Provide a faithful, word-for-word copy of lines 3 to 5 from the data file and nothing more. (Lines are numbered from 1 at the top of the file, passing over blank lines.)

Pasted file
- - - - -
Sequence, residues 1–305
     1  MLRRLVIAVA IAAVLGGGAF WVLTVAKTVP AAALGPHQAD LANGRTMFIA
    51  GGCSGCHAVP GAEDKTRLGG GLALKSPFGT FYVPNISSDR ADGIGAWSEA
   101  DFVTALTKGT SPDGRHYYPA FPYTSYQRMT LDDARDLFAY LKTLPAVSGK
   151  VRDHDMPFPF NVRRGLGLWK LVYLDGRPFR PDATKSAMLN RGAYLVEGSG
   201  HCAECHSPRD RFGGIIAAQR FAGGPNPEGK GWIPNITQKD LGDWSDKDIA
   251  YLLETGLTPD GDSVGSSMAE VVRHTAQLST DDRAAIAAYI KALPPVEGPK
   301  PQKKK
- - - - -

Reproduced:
    51  GGCSGCHAVP GAEDKTRLGG GLALKSPFGT FYVPNISSDR ADGIGAWSEA
   101  DFVTALTKGT SPDGRHYYPA FPYTSYQRMT LDDARDLFAY LKTLPAVSGK
   151  VRDHDMPFPF NVRRGLGLWK LVYLDGRPFR PDATKSAMLN RGAYLVEGSG